Sunday, August 3, 2014

The lives of Times Square cartoon characters

Before stepping into the Times Square hurly-burly of Elmos, Minnie Mouses and Batmen who pose for photographs and then coax customers for tips, Mr. Rodríguez spent a week studying the competition. He analyzed tourist behavior. He calculated potential earnings. And in the absence of anyone masquerading as a certain Nickelodeon star, he spotted an opportunity.

Thus was born SpongeBob SquarePants Rodríguez.

On his first day he made $80 in five hours, a better rate — and more interesting work — than the series of temporary jobs he had held since immigrating to the United States from Ecuador in March. ...

In recent years, these costumed characters have become ubiquitous, replacing the more sordid denizens of decades past. To some critics, they are little more than colorfully attired panhandlers and a chronic nuisance at the Crossroads of the World. ...

Most of the performers are immigrants and many of them are undocumented...

Earnings can vary wildly, from lows of $30 for eight hours of work to highs of over $200. But the rates depend on numerous factors, including the day of the week (weekends generally top weekdays, though they also draw more performers) and the time of the year (as tourism peaks, so does business). ...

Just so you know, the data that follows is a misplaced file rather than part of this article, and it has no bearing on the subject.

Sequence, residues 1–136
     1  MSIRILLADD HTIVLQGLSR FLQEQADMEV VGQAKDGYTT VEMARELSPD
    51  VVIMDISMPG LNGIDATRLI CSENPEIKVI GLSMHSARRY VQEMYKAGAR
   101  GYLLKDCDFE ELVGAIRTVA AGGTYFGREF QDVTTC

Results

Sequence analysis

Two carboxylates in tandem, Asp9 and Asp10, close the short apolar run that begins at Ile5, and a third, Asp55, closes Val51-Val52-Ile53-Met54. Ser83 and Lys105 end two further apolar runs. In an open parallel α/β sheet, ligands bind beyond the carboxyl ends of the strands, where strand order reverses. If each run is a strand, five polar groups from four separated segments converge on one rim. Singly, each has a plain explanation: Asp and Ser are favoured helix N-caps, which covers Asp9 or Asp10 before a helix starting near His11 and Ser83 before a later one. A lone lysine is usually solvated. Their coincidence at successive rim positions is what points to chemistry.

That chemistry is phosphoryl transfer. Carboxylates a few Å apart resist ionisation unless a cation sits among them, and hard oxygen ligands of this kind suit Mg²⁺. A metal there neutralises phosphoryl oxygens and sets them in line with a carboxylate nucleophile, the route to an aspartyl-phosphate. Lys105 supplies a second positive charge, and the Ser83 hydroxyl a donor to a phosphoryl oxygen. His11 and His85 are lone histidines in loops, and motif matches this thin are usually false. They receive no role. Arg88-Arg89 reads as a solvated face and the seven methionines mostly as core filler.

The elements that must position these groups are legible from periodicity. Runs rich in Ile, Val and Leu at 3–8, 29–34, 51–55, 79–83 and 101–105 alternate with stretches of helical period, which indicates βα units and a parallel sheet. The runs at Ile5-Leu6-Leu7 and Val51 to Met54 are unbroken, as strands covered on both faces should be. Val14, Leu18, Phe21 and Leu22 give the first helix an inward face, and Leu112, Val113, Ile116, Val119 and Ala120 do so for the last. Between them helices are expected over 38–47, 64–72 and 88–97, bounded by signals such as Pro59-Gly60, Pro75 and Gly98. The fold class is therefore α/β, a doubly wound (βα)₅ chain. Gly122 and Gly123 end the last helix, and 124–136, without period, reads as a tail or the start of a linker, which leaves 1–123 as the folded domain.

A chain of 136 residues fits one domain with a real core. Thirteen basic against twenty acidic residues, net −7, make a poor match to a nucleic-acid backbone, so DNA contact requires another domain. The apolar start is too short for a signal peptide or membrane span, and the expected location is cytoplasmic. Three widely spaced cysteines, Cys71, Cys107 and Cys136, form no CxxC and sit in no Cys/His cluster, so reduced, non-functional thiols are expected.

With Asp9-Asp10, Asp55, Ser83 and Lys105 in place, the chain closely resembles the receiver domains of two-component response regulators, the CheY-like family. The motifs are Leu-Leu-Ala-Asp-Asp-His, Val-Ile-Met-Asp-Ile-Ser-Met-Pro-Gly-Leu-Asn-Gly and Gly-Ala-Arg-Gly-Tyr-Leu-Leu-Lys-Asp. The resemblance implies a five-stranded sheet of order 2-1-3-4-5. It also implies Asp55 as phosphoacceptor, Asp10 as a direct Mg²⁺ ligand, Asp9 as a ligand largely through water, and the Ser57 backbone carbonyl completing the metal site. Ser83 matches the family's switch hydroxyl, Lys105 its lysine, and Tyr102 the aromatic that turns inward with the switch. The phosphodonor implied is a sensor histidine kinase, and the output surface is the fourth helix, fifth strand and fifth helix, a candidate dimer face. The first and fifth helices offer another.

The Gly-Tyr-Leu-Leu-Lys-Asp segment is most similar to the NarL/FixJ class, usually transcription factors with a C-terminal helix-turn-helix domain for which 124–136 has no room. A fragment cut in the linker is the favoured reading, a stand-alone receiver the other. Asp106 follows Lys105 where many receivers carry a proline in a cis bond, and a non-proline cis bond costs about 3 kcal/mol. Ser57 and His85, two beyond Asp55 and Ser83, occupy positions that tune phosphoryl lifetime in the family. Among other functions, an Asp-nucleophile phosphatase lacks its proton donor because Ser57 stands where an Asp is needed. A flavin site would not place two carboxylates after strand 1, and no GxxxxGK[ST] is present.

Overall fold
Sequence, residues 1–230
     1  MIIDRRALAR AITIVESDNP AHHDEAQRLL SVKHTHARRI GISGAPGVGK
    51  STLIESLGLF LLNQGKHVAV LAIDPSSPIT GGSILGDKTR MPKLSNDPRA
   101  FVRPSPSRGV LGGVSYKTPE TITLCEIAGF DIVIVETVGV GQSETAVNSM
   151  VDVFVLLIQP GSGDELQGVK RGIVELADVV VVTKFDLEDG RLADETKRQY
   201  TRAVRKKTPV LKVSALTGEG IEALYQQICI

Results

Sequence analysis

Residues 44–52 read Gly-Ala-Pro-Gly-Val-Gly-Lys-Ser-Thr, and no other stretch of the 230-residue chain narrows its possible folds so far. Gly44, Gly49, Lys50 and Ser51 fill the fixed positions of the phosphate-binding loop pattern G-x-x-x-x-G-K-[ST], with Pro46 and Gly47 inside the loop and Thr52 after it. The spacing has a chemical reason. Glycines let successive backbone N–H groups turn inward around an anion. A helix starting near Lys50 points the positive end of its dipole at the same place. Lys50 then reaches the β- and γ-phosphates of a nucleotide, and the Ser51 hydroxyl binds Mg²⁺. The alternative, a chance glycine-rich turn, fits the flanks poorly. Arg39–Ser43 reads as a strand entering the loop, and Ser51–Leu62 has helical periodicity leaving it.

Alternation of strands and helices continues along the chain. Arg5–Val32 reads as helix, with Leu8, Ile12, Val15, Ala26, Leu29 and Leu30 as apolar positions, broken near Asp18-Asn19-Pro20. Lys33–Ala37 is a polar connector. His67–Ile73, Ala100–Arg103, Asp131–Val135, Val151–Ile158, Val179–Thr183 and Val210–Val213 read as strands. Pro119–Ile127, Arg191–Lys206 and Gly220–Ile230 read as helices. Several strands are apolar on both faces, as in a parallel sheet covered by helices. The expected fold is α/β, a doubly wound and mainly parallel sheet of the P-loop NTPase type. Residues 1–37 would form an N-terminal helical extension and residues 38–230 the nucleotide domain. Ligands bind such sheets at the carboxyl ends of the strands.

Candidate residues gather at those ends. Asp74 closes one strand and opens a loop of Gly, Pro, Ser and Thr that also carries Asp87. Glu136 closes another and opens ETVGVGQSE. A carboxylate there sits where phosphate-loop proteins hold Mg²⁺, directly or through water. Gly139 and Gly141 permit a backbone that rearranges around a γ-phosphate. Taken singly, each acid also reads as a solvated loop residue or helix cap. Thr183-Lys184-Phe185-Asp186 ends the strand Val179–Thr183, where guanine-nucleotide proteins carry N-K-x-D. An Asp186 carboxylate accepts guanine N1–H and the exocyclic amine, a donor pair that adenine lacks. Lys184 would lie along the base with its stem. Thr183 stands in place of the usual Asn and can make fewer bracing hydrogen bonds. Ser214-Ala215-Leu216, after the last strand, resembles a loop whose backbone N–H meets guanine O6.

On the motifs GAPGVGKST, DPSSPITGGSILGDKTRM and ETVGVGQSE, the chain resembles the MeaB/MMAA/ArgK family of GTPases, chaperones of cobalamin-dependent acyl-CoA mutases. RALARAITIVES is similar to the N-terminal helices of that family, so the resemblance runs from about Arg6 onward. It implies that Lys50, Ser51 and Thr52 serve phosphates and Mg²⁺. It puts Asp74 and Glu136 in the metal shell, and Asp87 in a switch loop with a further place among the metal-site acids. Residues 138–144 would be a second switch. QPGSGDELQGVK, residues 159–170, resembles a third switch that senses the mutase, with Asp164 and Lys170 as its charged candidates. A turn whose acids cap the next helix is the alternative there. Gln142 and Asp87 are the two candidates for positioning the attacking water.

Many of the performers live in working-class neighborhoods in New Jersey, a significant cluster of them in the city of Passaic.

“Next door there are five Elmos,” said Miguel Lezama, a 27-year-old Mexican, as he stood in the kitchen of a small apartment in Passaic that he shares with two other immigrants. He pointed in another direction: “On that side, a Cookie Monster and a Minnie. In front, a Winnie-the-Pooh and a Minnie. Up on Main Avenue, there are lots more.” He paused. “I live with a Cookie Monster.”

At certain times of the day, he said, there might be a dozen street performers standing on a corner of Main Avenue with their bulky costume sacks waiting for a bus to take them to Midtown Manhattan. ...

A vaguely defined ecosystem seems to exist within the community, with subspecies divided by costume type: The Disney, Pixar and “Sesame Street” characters gravitate toward one another, and the superheroes hang out with other superheroes. ...

The cartoon characters blame the superheroes for ruining the community’s image. The undocumented immigrants say the American citizens, not worried about deportation, arrogantly flout the law. And the veterans blame the newcomers, calling them money-grubbing arrivistes with no respect for the trade.
--Kirk Semple, NYT, on the humans behind the hustle